• William Mayor


      Actually I have been engaged in a study of the doctrine of the trinity and other doctrines for years, and have gone back even further then you have, back to roughly 70 AD. It is about this time that there seems to be a watershed change in Christianity, with a distinctive move to ally with the Roman state, over against what appears to have been earlier Christianity. I hope to be able to present this evidence in my PhD thesis, assuming I can find a way to present a narrow enough topic with sufficient scholarly debate to get it approved. But it seems now that this might be delayed, as I have just this morning been advised that a measuring device that I proposed has its blueprints finished, and a prototype should be available within two weeks for field testing. I think it will verify that discernment of spirits is a scientifically possible ability, as the gift of healing has already been shown to be. Thus my time will be diverted in that direction for a while.

      However, on the doctrine of the Trinity, if it was so widely accepted in the church of the 4th and 5th centuries, why did the Roman government feel the need to enforce this belief by decree? Further, why were so many mostly forgotten councils coming up with doctrines that would argue against it, especially since some of these councils were more representative then councils now accepted as authoritative?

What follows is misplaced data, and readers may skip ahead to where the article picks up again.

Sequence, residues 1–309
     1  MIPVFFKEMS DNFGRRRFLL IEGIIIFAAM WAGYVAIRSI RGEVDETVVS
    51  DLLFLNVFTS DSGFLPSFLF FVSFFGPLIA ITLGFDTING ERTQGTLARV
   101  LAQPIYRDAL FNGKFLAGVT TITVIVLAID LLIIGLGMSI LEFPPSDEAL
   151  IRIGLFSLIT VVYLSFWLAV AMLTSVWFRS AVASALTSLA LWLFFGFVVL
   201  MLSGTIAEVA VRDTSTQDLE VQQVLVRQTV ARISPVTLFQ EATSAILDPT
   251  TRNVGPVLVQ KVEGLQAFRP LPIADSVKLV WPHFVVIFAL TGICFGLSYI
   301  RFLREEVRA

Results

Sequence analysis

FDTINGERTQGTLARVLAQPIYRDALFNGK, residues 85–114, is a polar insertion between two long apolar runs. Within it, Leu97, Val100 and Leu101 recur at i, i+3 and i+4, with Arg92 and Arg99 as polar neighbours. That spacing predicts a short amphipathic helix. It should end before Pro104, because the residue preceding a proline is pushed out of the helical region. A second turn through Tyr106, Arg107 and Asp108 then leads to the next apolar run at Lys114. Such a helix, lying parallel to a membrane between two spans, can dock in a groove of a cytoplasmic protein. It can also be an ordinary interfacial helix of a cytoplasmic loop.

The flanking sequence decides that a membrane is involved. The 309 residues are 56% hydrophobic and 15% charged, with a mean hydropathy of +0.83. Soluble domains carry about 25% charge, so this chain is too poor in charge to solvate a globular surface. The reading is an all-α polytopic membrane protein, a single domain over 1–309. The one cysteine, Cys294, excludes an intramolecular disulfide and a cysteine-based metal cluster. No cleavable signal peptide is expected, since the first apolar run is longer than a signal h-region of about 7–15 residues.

• Michael Svigel


      I have no idea what you’re talking about with the A.D. 70 date or what writings you could possibly refer to that would fall outside the NT and Apostolic Fathers. My own dissertation, “Second Century Incarnational Christology and Early Catholic Christianity” makes the argument of a high incarnational Christology that was early, widespread, and foundational in Egypt, Syria, Asia Minor, Achaia, and Rome by A.D. 100. This distinctive incarnational narrative—the backbone of trinitarian reflection—could not have popped up overnight at the year 100, and must find its origins in the midst of the apostolic period (c. A.D. 50).

      I also don’t know what you could possibly be referring to in an alliance with the Roman State in A.D. 70, especially the recent persecutions of Nero a few years earlier, the Jewishness of the Church in Judea and their need to flee from Jerusalem, the text of Barnabas and its discussion of Rome as the end-times confederacy, and the persecutions under Domitian at the end of the first century.